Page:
My friends who "changed" at my suggestion tell me that if you aren't used to driving with the mirrors like this it will take some "adjustment" time - it will seem strange not to see the side of your car anymore (I have always driven this way so I don't know how hard it is to adjust). BUT I do think once you get used to it you will be amazed at how much better you can see what is going on around you - without craning your neck. I don't know how people stand driving with their head turning all the time. This way a single glance in each mirror and you can evaluate everything on both sides and behind you. Has saved my butt more than once.
 

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I could already tell a difference when driving today. Never thought of doing that. And if i'm not mistaken, they never told me that in driving class either. Just to adjust your mirrors so you can see out of them. lol
 

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You see? This is what happens when ppl aren't trained. I really think DDC should be mandatory for everyone (don't get me started...:D)
Those of us who do it, don't even think about it, until someone mentions how strange it is....
I'm glad that this bit of knowledge has been passed on....
 

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I didn't learn it in Drivers Ed and no-one I have ever talked to did either.
And in that vein, I have a brief funny story -
My Dad is the one who taught me this "mirror adjustment" (and several other excellent defensive driving techniques) - he is 84 - he learned it post WWII as an Army general's driver in Germany. A few years ago I had a very smart a$$ man tell me that some well known driver/bodyguard to the stars invented this mirror positioning technique and was the 1st person to teach "defensive driving" to ordinary people (ie: not "secret agents"). He went on and on about all these "secrets" that you had to take special driving courses to learn about and have someone "teach" you just the right way to do it so it wasn't "dangerous".....blah blah blah. Every one of them was something my Dad learned about in WWII in the course of driving Army officers around in Germany and taught me at 16 - including what this guy called the "super secret of total driving awareness" ie: proper side mirror positioning.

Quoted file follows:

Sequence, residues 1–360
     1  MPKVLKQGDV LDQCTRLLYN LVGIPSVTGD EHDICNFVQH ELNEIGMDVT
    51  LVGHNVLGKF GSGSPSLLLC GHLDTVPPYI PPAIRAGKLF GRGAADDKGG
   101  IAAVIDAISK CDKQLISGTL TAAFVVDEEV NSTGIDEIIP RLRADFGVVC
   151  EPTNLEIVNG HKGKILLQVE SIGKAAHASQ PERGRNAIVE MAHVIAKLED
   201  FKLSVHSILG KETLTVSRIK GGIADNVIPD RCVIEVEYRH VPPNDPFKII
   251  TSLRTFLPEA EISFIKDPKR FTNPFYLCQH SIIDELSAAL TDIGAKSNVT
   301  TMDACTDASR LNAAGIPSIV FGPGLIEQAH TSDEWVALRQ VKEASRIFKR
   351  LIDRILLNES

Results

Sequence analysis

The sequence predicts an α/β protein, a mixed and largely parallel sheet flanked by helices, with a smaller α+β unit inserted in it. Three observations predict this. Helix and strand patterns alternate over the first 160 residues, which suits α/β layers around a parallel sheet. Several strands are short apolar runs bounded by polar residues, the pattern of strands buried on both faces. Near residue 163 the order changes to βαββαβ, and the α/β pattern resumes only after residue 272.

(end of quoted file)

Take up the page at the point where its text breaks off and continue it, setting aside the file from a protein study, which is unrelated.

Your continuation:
I burst out in hysterical laughter - this guy paid $1000 to learn what a bunch of army nobodies driving Jeeps and staff cars were taught in 1946 - when side mirrors were a new and unique thing on cars BTW. The whole "bodyguard pro driving course" was standard defensive driving stuff with a few bells and whistles thrown in to make the dimwits taking the course feel "special". While the idea of ordinary people taking special classes to learn defensive driving was new at that time - the techniques weren't - nor were they "secret". I give the guy who sold these courses credit tho - marketing IS everything.
So, now you too know the "super secret technique of total driving awareness" - and it didn't cost you a penny.
You feel really special now don't you?
 

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Thats a great story Tango, and thanks for the tip! I'm gonna move my mirrors when I get out of work! :)
 

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bacchus1310 said:
I adjusted my mirrors today. Thanks Tango. :D
Ditto!!! Thanks Tango. What a difference. No more blind spot and it really is the only way to drive if you think about it. Side view mirrors. What a concept!:D
 

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I do a lot of backing and the adjustments recommended sound cumbersome. I drive with the seat all the way back so moving my head to the side does not have as much affect as it would if I sat forward more.
 

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mveach said:
I do a lot of backing and the adjustments recommended sound cumbersome. I drive with the seat all the way back so moving my head to the side does not have as much affect as it would if I sat forward more.
I'm going to try this "new" setting, but I grew up driving trucks and like mveach backing in it's a must to see your rear end. (That didn't sound right!)
 

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Discussion Starter #20
Never thought my little post would spark such a good discussion. Adjusting the mirrors out to eliminate the blind spot sounds like a good idea. If you need to see down the side of the car to back up you can adjust the mirror in temporarily. I still relate partially from 25 years of driving an extended length Dodge van where the mirrors were only adjusted by getting out a wrench and undoing a nut. Having electric remote adjustable mirrors is like a luxury to me, as are many other things on my E. I will adjust the mirrors, and suggest that any other time the subject comes up.